Section 607.0545(b) of the Government Code provides, in pertinent part, the presumption only applies to specified persons including a peace officer employed on a full-time basis who is diagnosed with COVID-19 using a test authorized, approved, or licensed by the United States Food and Drug Administration. See Section 607.0545(b)(1) and (2)(A) of the Government Code. Section 607.0545(b)(3) of the Government Code further provides, in pertinent part, that the presumption only applies to a peace officer who was last on duty not more than 15 days before the date the person is diagnosed with COVID-19 using a test described by Section 607.0545(b)(2)(A) of the Government Code.

Section 607.058(a) of the Government Code provides, in part, that the presumption established in Section 607.0545 of the Government Code is rebuttable. Section 607.058(b) of the Government Code provides, in pertinent part, that any rebuttal offered must include a statement by the person offering the rebuttal that describes, in detail, the evidence that the person reviewed before making the determination that a cause not associated with the individual’s service as a peace officer was a substantial factor in bringing about the individual’s disease or illness without which the disease or illness would not have occurred.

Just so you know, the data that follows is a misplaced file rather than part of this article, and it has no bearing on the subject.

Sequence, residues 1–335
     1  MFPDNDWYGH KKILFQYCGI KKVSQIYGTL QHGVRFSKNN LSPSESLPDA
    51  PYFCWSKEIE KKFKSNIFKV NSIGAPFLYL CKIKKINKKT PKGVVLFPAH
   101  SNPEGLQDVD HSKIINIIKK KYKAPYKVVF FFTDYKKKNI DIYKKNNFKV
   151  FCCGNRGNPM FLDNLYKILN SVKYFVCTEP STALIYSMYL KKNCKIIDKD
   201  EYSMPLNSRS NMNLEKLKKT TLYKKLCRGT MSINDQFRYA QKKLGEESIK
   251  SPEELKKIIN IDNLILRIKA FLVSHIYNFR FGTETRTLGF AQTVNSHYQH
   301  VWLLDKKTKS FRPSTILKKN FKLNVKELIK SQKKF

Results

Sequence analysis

Section 607.058(c) of the Government Code provides, in pertinent part, that an ALJ in addressing an argument based on a rebuttal must make findings of fact and conclusions of law that consider whether a qualified expert, relying on evidence-based medicine, stated the opinion that, based on reasonable medical probability, an identified risk factor, accident, hazard, or other cause not associated with the individual’s service as a peace officer was a substantial factor in bringing about the individual’s disease or illness, without which the disease or illness would not have occurred. Section 607.058(d) provides, in pertinent part, that a rebuttal to a presumption under Section 607.0545 of the Government Code may not be based solely on evidence relating to the risk of exposure to COVID-19 of a person with whom a peace officer resides.

S.B. 22 provides that a person subject to Section 607.0545 of the Government Code who on or after the date the governor declared a disaster under Chapter 418 of the Government Code relating to COVID-19 but before the effective date of S.B. 22 may file a claim for benefits related to COVID-19 on or after the effective date of S.B. 22 regardless of whether the claim is otherwise considered untimely and the changes in law made by S.B. 22 apply to that claim.